/avail/Avail/Foundation/Bootstrap/Special Objects:
Source: /avail/Avail/Foundation/Bootstrap/Special Objects
Categories: Primitives, Types
See: /about-avail/documentation/type-system/types-top.html
The true abstract root of the Avail type lattice. It is pronounced top and written as the down tack (⊤) character. Every Avail value is an instance of , and every Avail type is a subtype of .

is distinct from any in that it includes exactly one additional value: the special value nil. This value does not satisfy any public protocol and is not available to an Avail programmer. It is, however, implicitly returned from every procedure, i.e., function whose return type is . Thus nil is the value produced iff no value is produced. The virtual machine uses nil to simplify several core algorithms, but exposure of nil to an Avail programmer would not yield a net good.

typically appears in Avail code in only a few select contexts:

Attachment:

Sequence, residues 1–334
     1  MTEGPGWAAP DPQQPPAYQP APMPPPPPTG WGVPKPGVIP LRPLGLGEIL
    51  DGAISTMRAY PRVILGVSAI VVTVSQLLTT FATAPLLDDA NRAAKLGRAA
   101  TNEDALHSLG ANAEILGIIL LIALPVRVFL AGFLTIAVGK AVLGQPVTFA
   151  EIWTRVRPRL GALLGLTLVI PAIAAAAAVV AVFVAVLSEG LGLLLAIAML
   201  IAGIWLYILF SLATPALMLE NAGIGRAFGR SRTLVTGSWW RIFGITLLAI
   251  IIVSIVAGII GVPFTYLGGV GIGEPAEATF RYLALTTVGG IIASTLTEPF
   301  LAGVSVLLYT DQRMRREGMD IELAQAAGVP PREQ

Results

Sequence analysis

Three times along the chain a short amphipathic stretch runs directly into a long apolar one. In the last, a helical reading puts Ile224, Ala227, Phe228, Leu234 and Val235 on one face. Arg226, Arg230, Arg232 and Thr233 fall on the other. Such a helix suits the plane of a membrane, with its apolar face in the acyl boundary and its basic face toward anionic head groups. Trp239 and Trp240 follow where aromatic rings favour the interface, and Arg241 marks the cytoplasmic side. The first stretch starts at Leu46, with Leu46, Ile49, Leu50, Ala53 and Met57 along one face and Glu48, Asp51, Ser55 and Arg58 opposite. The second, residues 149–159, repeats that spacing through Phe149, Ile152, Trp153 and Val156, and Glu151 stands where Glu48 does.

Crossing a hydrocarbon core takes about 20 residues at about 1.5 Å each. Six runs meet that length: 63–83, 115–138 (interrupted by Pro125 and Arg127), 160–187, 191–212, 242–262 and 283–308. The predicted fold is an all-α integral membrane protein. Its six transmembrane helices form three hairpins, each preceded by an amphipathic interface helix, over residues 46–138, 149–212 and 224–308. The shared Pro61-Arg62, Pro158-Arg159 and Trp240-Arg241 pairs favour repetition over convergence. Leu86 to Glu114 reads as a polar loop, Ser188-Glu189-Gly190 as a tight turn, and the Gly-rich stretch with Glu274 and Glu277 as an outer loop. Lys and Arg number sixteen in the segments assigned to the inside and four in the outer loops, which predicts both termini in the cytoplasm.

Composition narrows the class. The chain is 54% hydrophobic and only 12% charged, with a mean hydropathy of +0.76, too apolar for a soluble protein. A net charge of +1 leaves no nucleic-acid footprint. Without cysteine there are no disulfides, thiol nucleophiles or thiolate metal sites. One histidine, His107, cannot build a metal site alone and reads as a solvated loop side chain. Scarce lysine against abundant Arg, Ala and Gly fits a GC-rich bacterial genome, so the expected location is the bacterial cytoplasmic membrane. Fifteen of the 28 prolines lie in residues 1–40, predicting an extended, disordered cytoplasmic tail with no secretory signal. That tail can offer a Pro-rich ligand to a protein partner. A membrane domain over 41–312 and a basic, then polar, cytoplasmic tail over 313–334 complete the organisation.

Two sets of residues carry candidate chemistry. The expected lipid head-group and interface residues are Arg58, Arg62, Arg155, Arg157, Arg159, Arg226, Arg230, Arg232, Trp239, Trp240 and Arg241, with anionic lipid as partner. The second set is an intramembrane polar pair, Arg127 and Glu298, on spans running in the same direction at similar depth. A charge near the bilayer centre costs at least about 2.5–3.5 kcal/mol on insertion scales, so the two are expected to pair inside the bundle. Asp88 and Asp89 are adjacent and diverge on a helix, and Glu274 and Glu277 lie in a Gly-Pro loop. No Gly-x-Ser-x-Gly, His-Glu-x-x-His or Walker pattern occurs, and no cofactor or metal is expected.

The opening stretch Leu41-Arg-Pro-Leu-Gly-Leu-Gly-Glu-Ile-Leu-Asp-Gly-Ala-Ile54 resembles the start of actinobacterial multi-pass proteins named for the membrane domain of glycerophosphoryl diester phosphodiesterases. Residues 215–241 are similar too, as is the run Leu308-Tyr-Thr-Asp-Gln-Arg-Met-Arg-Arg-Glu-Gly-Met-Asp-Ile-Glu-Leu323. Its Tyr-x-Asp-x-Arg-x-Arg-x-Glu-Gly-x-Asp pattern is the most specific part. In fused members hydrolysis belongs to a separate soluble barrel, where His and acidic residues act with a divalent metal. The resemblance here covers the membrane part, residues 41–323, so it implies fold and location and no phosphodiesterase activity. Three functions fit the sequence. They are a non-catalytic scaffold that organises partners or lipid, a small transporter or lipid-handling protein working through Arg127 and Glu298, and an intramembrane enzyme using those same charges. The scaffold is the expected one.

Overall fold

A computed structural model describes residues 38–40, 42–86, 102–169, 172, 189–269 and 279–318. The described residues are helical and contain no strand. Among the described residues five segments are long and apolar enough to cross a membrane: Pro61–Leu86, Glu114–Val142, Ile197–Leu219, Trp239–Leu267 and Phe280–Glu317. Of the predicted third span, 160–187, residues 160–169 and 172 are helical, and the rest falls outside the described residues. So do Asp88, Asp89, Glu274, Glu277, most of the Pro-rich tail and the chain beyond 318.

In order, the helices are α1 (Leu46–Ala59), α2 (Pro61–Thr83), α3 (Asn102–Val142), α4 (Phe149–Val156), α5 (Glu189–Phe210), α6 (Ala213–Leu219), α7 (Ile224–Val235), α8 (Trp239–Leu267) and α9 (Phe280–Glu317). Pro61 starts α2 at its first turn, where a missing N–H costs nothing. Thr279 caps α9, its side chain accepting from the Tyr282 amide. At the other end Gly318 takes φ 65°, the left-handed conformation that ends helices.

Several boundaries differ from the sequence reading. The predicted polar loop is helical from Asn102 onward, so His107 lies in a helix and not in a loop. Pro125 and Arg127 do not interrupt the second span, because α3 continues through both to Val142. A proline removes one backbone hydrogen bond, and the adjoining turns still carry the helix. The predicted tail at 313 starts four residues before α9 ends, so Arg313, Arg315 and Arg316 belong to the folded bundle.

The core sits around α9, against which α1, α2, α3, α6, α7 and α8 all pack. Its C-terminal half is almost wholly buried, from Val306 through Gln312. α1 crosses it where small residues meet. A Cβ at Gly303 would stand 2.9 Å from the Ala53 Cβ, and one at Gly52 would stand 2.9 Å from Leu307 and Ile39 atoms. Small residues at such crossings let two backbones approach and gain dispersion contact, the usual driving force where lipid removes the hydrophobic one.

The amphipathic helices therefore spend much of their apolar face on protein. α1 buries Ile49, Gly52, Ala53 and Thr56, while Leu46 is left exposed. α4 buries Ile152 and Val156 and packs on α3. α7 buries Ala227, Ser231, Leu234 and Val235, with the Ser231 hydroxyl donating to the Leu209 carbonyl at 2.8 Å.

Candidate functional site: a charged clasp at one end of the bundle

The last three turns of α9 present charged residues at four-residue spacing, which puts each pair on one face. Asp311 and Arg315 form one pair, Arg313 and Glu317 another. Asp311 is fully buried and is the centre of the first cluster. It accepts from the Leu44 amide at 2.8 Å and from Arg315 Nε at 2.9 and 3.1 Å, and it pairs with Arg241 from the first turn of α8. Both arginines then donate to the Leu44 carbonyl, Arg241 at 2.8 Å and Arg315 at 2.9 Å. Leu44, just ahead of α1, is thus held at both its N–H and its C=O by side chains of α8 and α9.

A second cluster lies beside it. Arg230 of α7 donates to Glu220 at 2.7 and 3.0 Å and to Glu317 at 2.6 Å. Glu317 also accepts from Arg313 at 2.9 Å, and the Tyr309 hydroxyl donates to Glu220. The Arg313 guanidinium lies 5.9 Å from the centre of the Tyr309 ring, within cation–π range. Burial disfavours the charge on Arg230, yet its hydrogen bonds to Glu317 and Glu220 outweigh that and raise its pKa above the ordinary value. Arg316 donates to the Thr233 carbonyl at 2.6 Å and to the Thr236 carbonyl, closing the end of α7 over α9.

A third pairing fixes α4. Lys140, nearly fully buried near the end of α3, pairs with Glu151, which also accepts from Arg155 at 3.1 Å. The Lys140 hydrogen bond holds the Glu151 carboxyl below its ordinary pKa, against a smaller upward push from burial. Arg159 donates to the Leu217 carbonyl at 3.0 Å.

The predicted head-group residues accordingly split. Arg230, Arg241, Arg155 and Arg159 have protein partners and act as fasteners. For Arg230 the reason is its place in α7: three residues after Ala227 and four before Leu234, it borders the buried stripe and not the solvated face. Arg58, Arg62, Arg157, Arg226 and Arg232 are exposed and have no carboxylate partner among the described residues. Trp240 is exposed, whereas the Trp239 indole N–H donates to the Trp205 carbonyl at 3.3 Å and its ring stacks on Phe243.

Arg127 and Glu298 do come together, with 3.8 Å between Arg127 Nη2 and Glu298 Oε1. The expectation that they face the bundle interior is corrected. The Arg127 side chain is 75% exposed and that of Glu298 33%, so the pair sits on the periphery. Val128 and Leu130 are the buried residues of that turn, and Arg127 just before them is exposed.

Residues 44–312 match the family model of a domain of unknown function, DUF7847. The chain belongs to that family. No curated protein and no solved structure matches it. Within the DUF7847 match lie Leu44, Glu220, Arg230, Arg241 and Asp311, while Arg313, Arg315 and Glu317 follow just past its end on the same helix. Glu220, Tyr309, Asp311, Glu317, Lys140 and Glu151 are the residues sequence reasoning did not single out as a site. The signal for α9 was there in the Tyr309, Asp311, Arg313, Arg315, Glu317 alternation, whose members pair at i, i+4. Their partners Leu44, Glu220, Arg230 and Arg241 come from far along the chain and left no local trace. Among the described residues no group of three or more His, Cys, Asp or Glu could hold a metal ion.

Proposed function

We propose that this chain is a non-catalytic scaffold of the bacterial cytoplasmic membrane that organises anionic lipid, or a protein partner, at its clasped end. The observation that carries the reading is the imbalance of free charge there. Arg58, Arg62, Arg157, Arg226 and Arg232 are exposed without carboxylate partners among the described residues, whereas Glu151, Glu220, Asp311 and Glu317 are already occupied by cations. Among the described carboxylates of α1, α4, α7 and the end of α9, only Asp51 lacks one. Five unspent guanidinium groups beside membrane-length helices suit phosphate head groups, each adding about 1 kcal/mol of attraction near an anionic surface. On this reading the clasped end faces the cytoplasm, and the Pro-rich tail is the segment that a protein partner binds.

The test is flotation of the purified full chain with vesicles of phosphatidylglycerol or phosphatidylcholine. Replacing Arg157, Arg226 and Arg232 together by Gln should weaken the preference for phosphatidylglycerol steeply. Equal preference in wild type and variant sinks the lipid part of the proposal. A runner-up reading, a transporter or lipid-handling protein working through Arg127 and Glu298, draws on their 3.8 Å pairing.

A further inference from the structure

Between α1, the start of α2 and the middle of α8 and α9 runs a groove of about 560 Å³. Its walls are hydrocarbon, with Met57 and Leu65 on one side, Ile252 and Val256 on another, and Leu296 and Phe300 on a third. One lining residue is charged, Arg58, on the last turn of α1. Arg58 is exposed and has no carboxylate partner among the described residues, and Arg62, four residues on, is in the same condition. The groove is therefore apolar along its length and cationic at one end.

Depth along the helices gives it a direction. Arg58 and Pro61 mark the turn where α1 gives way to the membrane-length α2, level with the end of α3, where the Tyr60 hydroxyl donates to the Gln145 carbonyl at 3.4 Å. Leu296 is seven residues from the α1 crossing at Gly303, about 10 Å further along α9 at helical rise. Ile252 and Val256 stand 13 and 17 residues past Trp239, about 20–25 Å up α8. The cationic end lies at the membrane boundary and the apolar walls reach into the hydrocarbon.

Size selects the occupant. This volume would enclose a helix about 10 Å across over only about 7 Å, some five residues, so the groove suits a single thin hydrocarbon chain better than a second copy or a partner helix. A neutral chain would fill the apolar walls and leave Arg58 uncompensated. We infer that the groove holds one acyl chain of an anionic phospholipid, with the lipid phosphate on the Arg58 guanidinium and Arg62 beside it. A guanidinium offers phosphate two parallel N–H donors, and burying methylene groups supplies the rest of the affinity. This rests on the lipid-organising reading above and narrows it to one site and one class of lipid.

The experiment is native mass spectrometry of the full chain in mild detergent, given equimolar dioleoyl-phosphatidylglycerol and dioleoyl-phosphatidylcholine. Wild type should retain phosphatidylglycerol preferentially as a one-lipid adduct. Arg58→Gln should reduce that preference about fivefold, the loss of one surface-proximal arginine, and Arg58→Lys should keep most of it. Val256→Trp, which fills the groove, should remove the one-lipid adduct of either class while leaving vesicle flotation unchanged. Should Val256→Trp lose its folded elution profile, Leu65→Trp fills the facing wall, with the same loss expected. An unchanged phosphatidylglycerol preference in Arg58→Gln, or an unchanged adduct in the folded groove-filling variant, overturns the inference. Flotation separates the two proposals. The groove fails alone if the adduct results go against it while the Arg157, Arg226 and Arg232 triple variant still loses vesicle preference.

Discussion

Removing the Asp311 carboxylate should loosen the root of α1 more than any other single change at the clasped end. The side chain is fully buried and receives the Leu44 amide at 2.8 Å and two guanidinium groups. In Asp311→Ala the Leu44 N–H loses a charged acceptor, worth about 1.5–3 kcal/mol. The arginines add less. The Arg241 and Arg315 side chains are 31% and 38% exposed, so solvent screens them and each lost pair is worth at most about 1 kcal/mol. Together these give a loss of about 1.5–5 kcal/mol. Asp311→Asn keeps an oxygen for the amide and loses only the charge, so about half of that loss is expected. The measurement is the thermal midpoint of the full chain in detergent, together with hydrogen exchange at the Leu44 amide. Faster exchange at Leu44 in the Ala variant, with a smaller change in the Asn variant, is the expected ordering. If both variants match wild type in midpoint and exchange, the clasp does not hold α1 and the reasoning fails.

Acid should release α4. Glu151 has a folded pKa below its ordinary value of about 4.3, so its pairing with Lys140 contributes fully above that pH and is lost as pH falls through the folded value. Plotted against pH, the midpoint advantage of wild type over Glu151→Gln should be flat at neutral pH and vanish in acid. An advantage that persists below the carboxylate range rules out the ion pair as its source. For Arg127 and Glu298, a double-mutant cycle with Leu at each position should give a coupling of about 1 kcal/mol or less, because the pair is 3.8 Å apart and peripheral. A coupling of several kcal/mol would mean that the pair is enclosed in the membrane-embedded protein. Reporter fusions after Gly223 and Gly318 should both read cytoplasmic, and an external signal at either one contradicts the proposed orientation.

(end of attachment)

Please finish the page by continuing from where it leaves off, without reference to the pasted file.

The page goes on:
A function whose declared return type is is still permitted to answer an actual (non-{@code nil }) value. This is consistent with the type lattice, since every value is an instance of . It is useful, moreover, because a semantic restriction may strengthen the return type of a -valued function at a particular call site to a subtype of .

is expressly forbidden from occurring in most contexts, including the following:

Note that these prohibitions, when considered in aggregate, negate any possible value that could be gleaned from exposing the special value nil to an Avail program. They conspire together to ensure that nil could never be retained by an Avail value. It may therefore only exist as a temporary within a continuation, i.e., an item on the local stack of a function call. A reflective query of a continuation's temporaries that would answer nil will instead produce a variable whose read type is .